POOR Bradley Branning. Come the end of the live 25th anniversary edition of BBC1’s EastEnders, not only was he dead, but had no idea who killed Archie. Having just fallen off a roof while being pursued by police and landed in a bloody, expired heap, he missed the denouement – what we’d all been waiting to find out – who bashed evil Archie Mitchell over the head with the bust of Queen Victoria on Christmas Day?

Actually, he wasn’t the only one missing out. Charlie Clements, the actor who plays blushing Bradley, had no idea whodunnit until he was told by presenter George Lamb in a post-programme interview over on BBC3.

He looked as shocked as any man who’s just fallen to his death, discovered his pregnant wife is a killer and is dying to get to the post-show party.

After Thursday’s double episode with two weddings – Bianca and Ricky plus Bradley and Stacey, both marrying each other for the second time – we were promised the identity of Archie’s murderer would be revealed in the first live edition in the soap’s history.

This was an occasion when the actors really could only follow Noel Coward’s advice to learn the lines and not bump into the furniture.

It wasn’t so much a case of acting as acting suspiciously, something the entire cast has been required to do since Archie was “busted” on Christmas Day. Everyone was a suspect.

Doing a live show isn’t new and East- Enders were modest in their ambition going for a half-hour episode. Coronation Street did it for an hour and The Bill did it with explosions.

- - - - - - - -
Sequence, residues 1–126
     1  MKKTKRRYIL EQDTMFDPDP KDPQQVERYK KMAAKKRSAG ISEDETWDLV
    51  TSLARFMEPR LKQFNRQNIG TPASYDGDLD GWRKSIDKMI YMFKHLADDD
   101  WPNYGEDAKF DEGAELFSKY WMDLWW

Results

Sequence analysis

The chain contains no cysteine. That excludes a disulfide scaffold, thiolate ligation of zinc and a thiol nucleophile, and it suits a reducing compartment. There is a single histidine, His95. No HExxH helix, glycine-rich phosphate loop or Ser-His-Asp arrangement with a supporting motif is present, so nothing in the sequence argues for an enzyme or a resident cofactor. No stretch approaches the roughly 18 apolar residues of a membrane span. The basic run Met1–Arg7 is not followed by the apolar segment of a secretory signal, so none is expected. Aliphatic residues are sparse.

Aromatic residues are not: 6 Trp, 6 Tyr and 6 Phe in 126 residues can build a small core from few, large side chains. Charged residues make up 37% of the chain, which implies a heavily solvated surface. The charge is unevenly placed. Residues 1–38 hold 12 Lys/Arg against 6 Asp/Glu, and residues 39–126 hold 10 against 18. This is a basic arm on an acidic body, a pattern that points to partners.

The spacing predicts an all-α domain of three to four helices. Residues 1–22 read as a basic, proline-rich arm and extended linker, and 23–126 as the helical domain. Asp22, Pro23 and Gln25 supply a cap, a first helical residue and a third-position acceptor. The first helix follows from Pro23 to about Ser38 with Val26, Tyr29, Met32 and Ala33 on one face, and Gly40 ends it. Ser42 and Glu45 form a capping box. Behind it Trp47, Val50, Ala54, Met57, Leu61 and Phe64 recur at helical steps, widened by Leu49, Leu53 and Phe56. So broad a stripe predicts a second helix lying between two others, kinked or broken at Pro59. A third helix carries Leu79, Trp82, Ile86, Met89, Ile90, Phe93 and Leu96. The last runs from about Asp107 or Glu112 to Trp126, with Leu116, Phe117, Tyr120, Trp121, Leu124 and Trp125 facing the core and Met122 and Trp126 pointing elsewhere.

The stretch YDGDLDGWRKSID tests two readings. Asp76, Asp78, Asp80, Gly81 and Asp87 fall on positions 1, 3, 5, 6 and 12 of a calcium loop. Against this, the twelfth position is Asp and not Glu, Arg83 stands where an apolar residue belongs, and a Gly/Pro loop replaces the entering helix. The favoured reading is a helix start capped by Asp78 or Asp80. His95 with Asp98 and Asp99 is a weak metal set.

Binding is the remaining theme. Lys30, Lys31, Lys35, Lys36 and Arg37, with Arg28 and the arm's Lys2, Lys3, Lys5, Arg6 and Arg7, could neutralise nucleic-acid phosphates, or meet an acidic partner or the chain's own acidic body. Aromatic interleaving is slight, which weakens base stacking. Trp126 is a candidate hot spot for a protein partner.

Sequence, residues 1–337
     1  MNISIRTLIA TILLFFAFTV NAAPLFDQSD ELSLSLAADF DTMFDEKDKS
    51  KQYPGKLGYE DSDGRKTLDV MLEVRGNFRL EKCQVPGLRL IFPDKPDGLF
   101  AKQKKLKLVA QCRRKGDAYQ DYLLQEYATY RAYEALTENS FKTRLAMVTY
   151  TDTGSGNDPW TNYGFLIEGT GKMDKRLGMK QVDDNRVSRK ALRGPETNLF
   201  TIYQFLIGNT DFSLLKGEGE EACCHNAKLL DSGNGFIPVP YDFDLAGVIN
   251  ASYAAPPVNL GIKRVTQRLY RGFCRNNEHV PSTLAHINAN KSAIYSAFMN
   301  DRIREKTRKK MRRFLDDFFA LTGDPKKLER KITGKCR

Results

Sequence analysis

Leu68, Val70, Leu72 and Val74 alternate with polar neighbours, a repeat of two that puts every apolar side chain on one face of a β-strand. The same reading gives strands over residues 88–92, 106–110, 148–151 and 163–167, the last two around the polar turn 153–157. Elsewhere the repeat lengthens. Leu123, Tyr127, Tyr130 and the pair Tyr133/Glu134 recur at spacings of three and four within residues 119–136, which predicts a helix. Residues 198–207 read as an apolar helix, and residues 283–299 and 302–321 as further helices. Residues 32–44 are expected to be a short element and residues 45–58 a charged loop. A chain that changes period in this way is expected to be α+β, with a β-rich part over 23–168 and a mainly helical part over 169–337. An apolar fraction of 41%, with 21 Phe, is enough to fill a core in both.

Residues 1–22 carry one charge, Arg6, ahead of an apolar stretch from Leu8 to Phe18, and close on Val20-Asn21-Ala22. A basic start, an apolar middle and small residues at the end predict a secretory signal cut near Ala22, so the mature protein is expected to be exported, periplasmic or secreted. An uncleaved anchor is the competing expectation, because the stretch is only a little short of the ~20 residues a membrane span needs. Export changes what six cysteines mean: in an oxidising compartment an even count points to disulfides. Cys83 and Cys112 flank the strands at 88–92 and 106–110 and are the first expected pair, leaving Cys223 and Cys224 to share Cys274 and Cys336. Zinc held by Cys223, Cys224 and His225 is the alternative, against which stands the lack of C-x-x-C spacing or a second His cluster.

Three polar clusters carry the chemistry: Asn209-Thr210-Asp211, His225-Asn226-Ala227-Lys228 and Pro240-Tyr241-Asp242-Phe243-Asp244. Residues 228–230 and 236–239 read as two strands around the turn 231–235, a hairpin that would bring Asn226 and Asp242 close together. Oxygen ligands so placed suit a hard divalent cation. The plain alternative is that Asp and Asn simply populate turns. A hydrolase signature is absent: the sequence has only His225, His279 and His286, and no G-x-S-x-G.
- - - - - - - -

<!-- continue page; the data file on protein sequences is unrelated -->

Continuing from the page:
But what a lot was packed into the 30- minutes of EastEnders they gave us.

Bradley and Stacey tried to do a runner.

Janine tried to do a runner. The wedding celebrations continued in the Vic. The police plodded about the Square as clueless as usual.

Fill the Fug did some damage, Sisters Ronnie and Roxy argued over Archie’s parenting skills. Police cars raced with lights flashing. Dot smoked. And Ian played a video featuring the soap’s icons, like Dirty Den, Angie, Arthur, Pauline and Kaff of Kaff’s Kaff fame. A cunning way of injecting a spot of nostalgia into the proceedings.

How did it compare to the other unforgettable moments in EastEnders’ history, like Dirty Den serving divorce papers on wife Angie on Christmas Day, or Sharongate, when an adulterous relationship was publicly exposed in the Vic on a tape.

Or best of all, the “douf,douf,douf” moment when Zoe Slater learned that Kat wasn’t her sister, but her mother.

“You can’t tell me what to do. You ain’t muy mother,” screamed Zoe across Albert Square.

SATURDAY, FEBRUARY 20, 2010 northernecho.co.uk TV & ENTERTAINMENT 25 NOMINATION: Aisling Loftus in Daniel Elliott’s short film Jade “Yes, I am,” responded a tearful Kat.

Last night’s didn’t match that, partly because murders are ten a penny in soapland.

Of the 70 deaths in EastEnders’ history, 16 have been violent. And the whodunnit angle has been exploited many times before, from who shot JR in Dallas, to who shot Phil Mitchell, in East- Enders itself.

As the show featured 51 members of the EastEnders cast, they were lucky to get a word in edgeways. So great acting was never going to happen.

As it turned out, the most shocking moment wasn’t Bradley’s death fall or Stacey’s surprise confession. It was the sight of Minty stripped to the waist during a drunken game of flip, sip or strip in the Vic. Now there is something there really should be a law against.